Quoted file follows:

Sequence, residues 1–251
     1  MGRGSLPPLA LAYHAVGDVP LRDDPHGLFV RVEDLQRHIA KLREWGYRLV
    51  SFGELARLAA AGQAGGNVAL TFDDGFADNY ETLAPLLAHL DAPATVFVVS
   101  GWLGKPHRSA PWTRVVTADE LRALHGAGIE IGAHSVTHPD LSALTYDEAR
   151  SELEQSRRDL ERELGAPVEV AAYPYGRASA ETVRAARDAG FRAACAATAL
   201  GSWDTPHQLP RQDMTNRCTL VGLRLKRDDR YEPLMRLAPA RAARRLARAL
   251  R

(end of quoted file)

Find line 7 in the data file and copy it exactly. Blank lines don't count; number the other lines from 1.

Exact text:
   251  R